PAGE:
Why is the process of Reentry important?<br />Nearly 2.2 million men and women are incarcerated in prisons and jails in the US; the rough equivalent of one out of every 136 US residents (Williams, N.H.,2007) <br />The 50+ are the fastest growing population in prison, increasing 3x faster than the general population (Reimer, G. 2008)<br />95% of incarcerated individuals will eventually be released back into the community (Williams, N.H.,2007)<br />
Cost/Benefit Numbers<br />Approximately 2 out of every 3 people released from prison in the US are re-arrested within 3 years of their release. (Langan, PA & Levin, DJ, 2002)<br />Economics of care: >50 = $60,000/yr. <50 = $21,000 (Reimer, G.2008)<br />The average cost of nursing home care would be around 25K/yr/per person. (Regan, JJ, Alderson, A, Regan, WM, 2002) <br />
Emphasis of Work<br />Evaluate the reentry program in Multnomah County with regard to an “elderly” offender population over the age of 50<br />Develop framework to measure unmet health needs of elderly offenders in Multnomah County<br />Recommend best practices from current reentry literature<br />
Literature Review<br />Recent focus on evidence-based practices with regard to offender reentry<br />Paucity of literature regarding reentry EBPs and specific population outcomes<br />Nexus of community health and community justice perspectives<br />Reentry policies vary from state to state<br />
Best Practices report<br />State/county/national programs: No measurement/evaluation tools<br />Success of reentry determined by access to the following: housing, employment/income, community/family connections, healthcare, and reduced recidivism*<br />Collateral consequences of a conviction<br />In Oregon, benefits reinstated once released, but may take time<br />*Recidivism: relapse into criminal behavior<br />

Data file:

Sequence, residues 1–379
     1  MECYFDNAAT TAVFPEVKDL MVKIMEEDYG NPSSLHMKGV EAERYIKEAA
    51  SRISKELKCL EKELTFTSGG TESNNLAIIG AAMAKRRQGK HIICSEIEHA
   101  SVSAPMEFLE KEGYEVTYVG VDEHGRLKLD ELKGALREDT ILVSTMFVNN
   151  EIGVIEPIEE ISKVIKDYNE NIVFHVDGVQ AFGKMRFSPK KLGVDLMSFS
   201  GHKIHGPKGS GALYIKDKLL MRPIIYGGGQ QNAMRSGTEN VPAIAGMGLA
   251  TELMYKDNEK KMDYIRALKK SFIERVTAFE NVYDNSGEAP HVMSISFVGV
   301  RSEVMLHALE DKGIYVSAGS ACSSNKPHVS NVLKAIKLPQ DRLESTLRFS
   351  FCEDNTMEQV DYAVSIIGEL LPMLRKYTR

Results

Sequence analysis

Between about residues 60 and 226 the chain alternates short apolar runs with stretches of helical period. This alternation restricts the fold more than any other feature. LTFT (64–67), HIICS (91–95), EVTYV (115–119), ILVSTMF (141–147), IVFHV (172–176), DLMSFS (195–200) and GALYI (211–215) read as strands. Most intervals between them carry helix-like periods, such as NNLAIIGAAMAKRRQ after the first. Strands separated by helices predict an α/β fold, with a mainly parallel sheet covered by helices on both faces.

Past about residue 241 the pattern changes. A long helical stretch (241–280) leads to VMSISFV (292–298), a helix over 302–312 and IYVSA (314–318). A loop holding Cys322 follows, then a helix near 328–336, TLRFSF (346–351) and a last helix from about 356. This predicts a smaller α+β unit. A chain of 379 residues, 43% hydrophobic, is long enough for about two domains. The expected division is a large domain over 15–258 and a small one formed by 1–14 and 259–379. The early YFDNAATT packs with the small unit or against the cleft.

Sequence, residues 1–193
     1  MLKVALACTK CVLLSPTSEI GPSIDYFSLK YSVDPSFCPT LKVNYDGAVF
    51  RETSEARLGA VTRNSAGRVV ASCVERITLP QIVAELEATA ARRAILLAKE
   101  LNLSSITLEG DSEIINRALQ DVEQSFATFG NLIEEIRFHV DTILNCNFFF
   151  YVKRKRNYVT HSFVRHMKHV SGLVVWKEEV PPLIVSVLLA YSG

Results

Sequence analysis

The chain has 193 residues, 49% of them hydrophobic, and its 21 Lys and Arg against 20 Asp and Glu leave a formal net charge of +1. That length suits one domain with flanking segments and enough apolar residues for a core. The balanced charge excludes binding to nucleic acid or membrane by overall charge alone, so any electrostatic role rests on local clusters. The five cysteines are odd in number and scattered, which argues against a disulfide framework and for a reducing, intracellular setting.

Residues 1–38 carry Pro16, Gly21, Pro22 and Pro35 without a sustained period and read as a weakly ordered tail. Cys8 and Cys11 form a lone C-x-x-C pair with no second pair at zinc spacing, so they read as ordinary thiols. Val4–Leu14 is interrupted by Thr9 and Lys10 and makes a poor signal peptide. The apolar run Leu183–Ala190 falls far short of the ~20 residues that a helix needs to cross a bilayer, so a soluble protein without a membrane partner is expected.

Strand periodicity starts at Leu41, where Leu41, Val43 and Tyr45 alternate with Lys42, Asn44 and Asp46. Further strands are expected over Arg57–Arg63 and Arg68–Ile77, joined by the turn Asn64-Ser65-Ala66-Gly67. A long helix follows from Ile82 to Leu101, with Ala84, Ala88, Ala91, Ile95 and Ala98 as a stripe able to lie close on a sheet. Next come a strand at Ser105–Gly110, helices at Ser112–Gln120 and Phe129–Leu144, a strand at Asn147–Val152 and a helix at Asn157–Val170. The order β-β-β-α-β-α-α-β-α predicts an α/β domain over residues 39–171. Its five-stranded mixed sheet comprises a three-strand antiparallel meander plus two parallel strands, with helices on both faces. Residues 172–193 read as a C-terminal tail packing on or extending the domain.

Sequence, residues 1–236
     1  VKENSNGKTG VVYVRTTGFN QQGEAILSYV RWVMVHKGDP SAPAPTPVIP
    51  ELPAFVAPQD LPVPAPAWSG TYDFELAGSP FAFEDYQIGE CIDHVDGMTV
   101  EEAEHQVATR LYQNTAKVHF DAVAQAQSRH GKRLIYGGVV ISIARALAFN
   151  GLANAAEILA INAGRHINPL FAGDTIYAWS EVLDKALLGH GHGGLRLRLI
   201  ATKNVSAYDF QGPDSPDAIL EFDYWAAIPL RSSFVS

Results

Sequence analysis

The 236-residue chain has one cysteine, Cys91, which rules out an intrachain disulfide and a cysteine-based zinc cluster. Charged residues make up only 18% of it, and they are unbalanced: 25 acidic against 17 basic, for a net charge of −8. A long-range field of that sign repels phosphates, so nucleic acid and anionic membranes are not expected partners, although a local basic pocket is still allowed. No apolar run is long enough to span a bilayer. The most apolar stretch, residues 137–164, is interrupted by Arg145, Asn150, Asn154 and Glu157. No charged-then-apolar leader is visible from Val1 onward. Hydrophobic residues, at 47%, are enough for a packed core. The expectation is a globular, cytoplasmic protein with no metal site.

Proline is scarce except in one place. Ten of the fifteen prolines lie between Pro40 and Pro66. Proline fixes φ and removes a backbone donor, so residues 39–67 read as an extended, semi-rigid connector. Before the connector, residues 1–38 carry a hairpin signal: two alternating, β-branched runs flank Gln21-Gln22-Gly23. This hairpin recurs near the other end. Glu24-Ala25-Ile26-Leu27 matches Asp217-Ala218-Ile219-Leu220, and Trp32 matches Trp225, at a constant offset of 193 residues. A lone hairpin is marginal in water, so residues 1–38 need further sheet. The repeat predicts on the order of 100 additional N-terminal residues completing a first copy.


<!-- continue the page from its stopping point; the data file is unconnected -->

Significance of work<br />Elderly population previously not looked at<br />Knowledge of local policy hurdles that prevent population from access to services<br />Survey tools assess reentry program from various angles: client perspective, service perspective, and health outcomes<br />
Implications for career<br />Networking through various agencies<br />Negotiate policies at city, county, state, and federal levels<br />Research<br />Emphasis in continual improvement<br />Tool design<br />IRB application exposure<br />
Implications for career<br />Look at issues through a public health lens<br />Ask questions and develop working relationships <br />Focus on health disparities in vulnerable populations<br />Discussion for appropriate resource allocation<br />
References<br />Langan, PA & Levin, DJ (2002) National Recidivism study of released prisoners: recidivism of prisoners released in 1994. US Department of Justice, Bureau of Justice Statistics, NCJ 193427<br />Reimer, G. (2008) The graying of the US prisoner population Journal of correctional health care 14(3): 202-208<br />Regan, J.J., Alderson, A, Regan, W.M., (2003) Psychiatric disorders in aging prisoners, Clinical Gerontologist 26(1):117-124<br />Williams, N.H. (2007) Prison health and the health of the public: Ties that bind. Journal of correctional health care 13(2):80-92<br />